The Early Years Foundation Stage (EYFS) is a statutory requirement, and is followed at all Tots Teachers Preschools and will be continued when your child joins a Reception Class at your chosen primary school. This sets out:
7 areas of learning and development which shape the provision in our Early Years settings
Assessments that will tell us about your child’s developmental progress through the Early Years
The EYFS profile - Expected levels that your child should reach at the end of the reception year; these expectations are called the Early Learning Goals (ELGs).
The characteristics of effective learning are: playing and exploring - children investigate and experience things, and ‘have a go’; active learning - children concentrate and keep on trying if they encounter difficulties, and enjoy achievements; and creating and thinking critically - children have and develop their own ideas, make links between ideas, and develop strategies for doing things.
The legal welfare requirements that everyone registered to look after children must follow to keep your child safe and promote their welfare
How children learn in the Early Years
The EYFS Framework explains how and what your child will be learning to support their development. The children will learn new skills, acquire knowledge and demonstrate their understanding across 7 areas of learning. The first three areas are the ‘prime areas’ because they lay the foundations for children’s success in all areas of learning and of life.
Communication and language
Personal, social and emotional development.
As children grow, the prime areas will help them to develop skills in 4 specific areas:
Understanding the world and
Expressive arts and design
Our teachers and practitioners will consider the individual needs, interests, and the stages of development of each child and use this information to plan appropriate, challenging and enjoyable learning opportunities for them in all of the areas of their learning and development.
We use the Every Child Matters document to support this.
How can I support my child’s learning journey?
There are many simple ways to support your child, one of which is to talk to them at every opportunity. Children need to hear the spoken word in order to learn our complex language.
Other ways to support your child are:
Talk about maths when you’re shopping - quantity, size, money, direction and shapes are all waiting to be explored in a supermarket!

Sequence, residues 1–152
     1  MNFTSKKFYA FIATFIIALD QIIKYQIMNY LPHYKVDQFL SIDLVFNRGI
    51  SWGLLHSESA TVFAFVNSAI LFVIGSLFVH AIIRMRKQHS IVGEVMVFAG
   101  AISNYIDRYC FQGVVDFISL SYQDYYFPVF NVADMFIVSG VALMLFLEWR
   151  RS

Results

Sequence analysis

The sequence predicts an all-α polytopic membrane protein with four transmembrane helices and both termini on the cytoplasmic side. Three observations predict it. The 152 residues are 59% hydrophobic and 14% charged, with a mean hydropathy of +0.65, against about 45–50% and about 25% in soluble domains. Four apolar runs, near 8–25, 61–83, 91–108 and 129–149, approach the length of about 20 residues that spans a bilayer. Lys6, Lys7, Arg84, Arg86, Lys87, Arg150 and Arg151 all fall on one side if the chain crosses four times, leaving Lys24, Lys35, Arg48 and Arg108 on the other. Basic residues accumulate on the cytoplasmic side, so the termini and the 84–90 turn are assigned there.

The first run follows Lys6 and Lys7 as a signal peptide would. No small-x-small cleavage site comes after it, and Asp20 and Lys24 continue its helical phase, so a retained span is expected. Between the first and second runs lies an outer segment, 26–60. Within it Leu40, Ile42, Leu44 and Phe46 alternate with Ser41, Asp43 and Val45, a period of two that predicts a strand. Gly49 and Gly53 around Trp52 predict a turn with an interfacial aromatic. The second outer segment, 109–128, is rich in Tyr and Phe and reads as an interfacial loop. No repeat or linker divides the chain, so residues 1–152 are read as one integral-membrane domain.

Read stories together - sharing a story is an excellent way to build your child’s imagination and language, plus it’s a great excuse to snuggle up with a book!
Cook with your child - this will help develop practical skills such as cutting and pouring as well as teach your child valuable life skills such as how to follow instructions and how to cook! A cooking activity can be linked to maths and English development as well as developing the child’s fine motor skills.
Help your child to learn how to dress and undress themselves. This does take time and patience, but the work you put into this will soon pay off.
Take advantage of the wide range of weather we enjoy in England - teach your child the names of our weathers: rain, mist, fog, snow, sunshine … just talking about the weather will increase your child’s vocabulary. It’s a great way to learn about appropriately dressing for different weathers, too: wrapping up to keep warm, covering up to prevent sunburn, waterproofs and wellies for puddle-jumping! Lots of science can also come from exploring weather: shadows, rainbows and ice are all of great interest to children so they’re great natural learning opportunities.
Explore outside - time in the garden, at the park, or simply being out for a walk exposes children to life outside! Traffic can be used to learn about road safety, numbers, speed, shape, colours and even pollution. Trees can be a great way to learn about size, leaf shapes, colour, naming parts of the tree such as the trunk, branches, twigs, leaves - even roots! Planting in the garden is an excellent way for children to learn about the life cycle of plants. Simply splashing in puddles is lots of fun, too! Digging in soil or squelching in mud seems to captivate the interest of most children.
Sing nursery rhymes - this is an excellent way to build on children’s language skills. It’s also fun to change the words to make the rhymes even sillier! Baa Baa Black Sheep could be Baa Baa Pink Sheep, we can sing quietly, sing as loud as you can, sing very slowly, or super speedily - the possibilities are endless! Maybe you can even make up your own silly songs.
Just remember that everything we do in our daily lives could be an enjoyable learning opportunity for children, and needn’t cost a penny!
You’re welcome to speak to your child’s Key Person for more ideas.’